The golden, green waters of the Grand River have run like a thread through the life of Chef William Thompson. Growing up in Caledonia, he remembers, the river was always an important presence. Now, as owner and executive chef at Stillwaters! Plate and Pour, in Paris, Ontario, he spends his days overlooking the same flowing waters, trying to create a comfortable ambiance in the restaurant and nudging the authentic, “every day” food toward a cuisine that is more imaginative and exciting.
Thompson’s upward career trajectory has been very steep and swift. Still youthful, he decided to become a chef while working in a food program in high school. (“I started out wanting to be a teacher — but I loved cooking more. I just loved the fast pace and camaraderie of the kitchen.”) He cites an early stint on the Food Network’s Top Chef Canada program as the catalyst for his career.
“After “Top Chef”, everything opened up for me. I got requests for all sort of guest appearances and got calls from head hunters.”
One of the requests was from the former owner of Stillwaters. Thompson worked there for a few months and the rest is, as they say, history. Now, along with a partner, he is owner and executive chef of the restaurant.
Thompson has been an owner since last May and is still busily re-creating the menu.
“I haven’t changed the restaurant a lot structurally,” he says, “there is still a lot of cherry wood, and the feeling is warm and comfortable.”
The restaurant boasts a rooftop patio with panoramic views over Paris and the river. (He hopes to have the outdoor patio open by Mother’s Day, this year.) The changes that he has made are primarily with the menu.
“I’m not into anything very ‘exotic’,” he says, “Instead, I’m trying to make the ordinary, straightforward items more unusual.”
It’s a trend that has become more and more fashionable as the days of stuffy service and starched table linens have gone the way of the dinosaurs and casual fine dining prevails. A good example would be Thompson’s way with a chicken club sandwich. Here, he takes a staple of so many menus and adds his own touches. The simple club becomes a triple decker extravaganza on pita bread which includes feta cheese, peppercorns, Thompson’s own homemade ranch dressing, shredded lettuce, bacon and fresh marinated chicken. Another example is his Pastrami Reuben. Thompson makes his own sauerkraut to embellish the traditional sandwich which includes bacon, onion, apple cider vinegar and brown sugar and he serves it on the very best marble rye.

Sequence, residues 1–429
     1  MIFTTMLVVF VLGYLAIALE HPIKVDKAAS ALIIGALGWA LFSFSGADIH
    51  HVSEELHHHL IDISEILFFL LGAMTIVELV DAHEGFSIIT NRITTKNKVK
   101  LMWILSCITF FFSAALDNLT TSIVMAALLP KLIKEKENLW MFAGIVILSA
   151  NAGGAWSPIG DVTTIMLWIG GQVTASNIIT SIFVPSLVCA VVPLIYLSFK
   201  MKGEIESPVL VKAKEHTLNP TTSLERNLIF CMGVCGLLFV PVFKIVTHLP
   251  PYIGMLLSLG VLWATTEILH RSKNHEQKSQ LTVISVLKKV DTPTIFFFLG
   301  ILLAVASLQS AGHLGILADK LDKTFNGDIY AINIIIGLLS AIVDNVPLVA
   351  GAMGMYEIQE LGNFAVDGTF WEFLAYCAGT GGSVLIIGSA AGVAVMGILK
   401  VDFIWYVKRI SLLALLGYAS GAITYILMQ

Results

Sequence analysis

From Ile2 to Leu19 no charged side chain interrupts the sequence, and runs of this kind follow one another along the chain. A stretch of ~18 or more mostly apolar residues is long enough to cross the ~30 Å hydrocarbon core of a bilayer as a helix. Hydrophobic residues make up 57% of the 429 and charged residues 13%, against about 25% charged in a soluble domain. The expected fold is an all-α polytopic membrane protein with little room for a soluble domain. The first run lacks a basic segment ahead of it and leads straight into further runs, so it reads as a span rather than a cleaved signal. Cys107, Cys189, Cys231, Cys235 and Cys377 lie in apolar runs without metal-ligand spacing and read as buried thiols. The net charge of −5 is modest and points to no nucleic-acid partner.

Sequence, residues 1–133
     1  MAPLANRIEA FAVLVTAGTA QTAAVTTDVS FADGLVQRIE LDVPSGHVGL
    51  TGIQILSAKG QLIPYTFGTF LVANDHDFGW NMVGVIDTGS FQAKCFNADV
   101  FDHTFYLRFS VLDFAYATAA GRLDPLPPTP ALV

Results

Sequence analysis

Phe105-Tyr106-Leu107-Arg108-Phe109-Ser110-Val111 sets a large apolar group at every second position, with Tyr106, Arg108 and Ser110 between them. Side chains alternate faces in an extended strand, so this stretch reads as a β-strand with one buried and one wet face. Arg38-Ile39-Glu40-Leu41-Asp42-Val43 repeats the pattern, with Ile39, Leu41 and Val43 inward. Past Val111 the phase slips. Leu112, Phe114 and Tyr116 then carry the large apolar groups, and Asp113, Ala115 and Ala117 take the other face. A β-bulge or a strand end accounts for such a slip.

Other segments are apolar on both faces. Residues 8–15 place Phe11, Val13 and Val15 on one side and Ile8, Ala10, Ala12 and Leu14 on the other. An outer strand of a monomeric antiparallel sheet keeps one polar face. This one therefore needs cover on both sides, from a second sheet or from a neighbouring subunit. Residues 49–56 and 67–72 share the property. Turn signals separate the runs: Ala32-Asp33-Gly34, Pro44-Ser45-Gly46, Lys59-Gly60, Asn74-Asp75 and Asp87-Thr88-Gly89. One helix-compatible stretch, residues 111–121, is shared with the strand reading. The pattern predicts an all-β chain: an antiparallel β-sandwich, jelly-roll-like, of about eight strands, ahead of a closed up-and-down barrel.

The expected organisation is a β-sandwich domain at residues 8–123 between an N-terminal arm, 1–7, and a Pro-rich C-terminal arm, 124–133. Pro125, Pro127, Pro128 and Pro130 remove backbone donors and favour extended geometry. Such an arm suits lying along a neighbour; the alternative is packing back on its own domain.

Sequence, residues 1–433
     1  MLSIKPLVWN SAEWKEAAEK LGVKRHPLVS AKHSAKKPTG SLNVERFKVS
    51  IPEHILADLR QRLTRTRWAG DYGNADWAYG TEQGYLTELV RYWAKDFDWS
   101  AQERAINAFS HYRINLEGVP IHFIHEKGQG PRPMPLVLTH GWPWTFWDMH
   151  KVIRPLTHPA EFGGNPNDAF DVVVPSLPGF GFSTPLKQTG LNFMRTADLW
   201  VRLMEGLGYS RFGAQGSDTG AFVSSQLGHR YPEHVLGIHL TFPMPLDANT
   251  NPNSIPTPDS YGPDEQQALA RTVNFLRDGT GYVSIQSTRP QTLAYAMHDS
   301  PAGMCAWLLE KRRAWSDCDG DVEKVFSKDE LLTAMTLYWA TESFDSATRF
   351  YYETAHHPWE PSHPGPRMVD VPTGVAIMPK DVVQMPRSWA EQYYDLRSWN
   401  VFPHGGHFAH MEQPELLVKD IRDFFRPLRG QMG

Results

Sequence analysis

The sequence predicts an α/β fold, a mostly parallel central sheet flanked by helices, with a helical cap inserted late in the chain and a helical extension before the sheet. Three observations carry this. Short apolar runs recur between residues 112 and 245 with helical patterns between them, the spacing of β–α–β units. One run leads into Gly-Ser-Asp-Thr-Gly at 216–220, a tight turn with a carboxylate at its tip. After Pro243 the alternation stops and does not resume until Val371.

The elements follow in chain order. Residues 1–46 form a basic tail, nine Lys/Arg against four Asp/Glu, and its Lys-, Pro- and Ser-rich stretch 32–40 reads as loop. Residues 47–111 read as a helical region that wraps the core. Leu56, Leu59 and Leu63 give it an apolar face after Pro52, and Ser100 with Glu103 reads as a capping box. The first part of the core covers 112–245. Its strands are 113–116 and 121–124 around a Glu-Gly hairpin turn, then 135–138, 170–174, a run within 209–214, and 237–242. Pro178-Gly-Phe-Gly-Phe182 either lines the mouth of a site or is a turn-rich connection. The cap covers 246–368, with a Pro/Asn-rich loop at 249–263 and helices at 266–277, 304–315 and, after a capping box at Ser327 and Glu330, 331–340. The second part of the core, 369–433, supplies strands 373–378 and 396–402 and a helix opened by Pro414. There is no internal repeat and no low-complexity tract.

He is also trying to create more vegetarian and gluten-free choices. His “tour de force” in this area is something he calls a “tofu tower.” Originally created for the Ste. Anne’s Spa, the tower is composed in a cylindrical mould and contains layered, colorful sautéed vegetables and a broccoli fennel slaw, along with lentils and artisan black rice.
Teaching is still a passion for Thompson; he loves mentoring young chefs and is involved with training young people at St. John’s College in Brantford; for three years he has served as a judge for the Skills Ontario cooking competition.
He is looking forward to his upcoming Go Cooking session. Home cooks, he advises, should be aware of the concept of “mis en place”, an insistence upon having all of your ingredients at hand and ready to go, before you start working on your recipe. And the other side of this, is the necessity for cleaning up as you go. That way, you can enjoy your meal and not be thinking of cleaning up a big mess afterwards.
The Go Cooking menu, he says, was inspired by the season which was warmer in feeling, but not really spring yet. The food is somewhat “classical”, with croquettes and root vegetables, leeks and potatoes. And it exhibits an Italian influence, which is a result of the time he spent cooking in Umbria, a period which had an important impact on his thinking.
“They treat food so differently in Italy. Frozen really doesn’t happen so everything is seasonal and super fresh. You have to know how to utilize everything to get the maximum out of it. As I move forward, I want to do this, to reach out more to local growers and hot houses — I’m not quite there yet.”
And he answers that old chestnut of a question, “What would you choose to eat for your last supper”, with imaginative aplomb:
“Actually,” he says, “I wouldn’t care so much about what I was eating as to whom I was eating with. Friends and family are really more important than the food.”
And here’s a recipe that’s going to send a lot of people home happy on next Tuesday night:
White Chocolate Raspberry Shortcake
from Chef William Thompson, Stillwaters! Plate and Pour
4 tbsp. sugar
4 tbsp. baking powder
1/4 lb cold butter (cubed)
1/2 tsp salt
1/2 cup of white chocolate pieces
1 cup buttermilk
1 large egg
1/2 tsp vanilla
extra all purpose flour for dusting
egg wash and sugar to finish
in-season fruit and whipped cream
1) Preheat oven to 375 F.
2) Using a pastry cutter mix together flour, sugar, baking powder and salt combining until mixture crumbles. Add white chocolate pieces.
3) In a separate bowl mix together buttermilk, egg and vanilla.
4) Add liquid mixture to flour mixture gently, mixing with hands.
5) Flatten dough to 1 inch thickness on a floured table. Cut dough into 3 inch rounds. Place on parchment paper lined baking sheet. Brush with egg wash, sprinkle with sugar and bake for 20 minutes.
6) Cut while warm and fill with your favourite in-season fresh fruit, topping with whipped cream.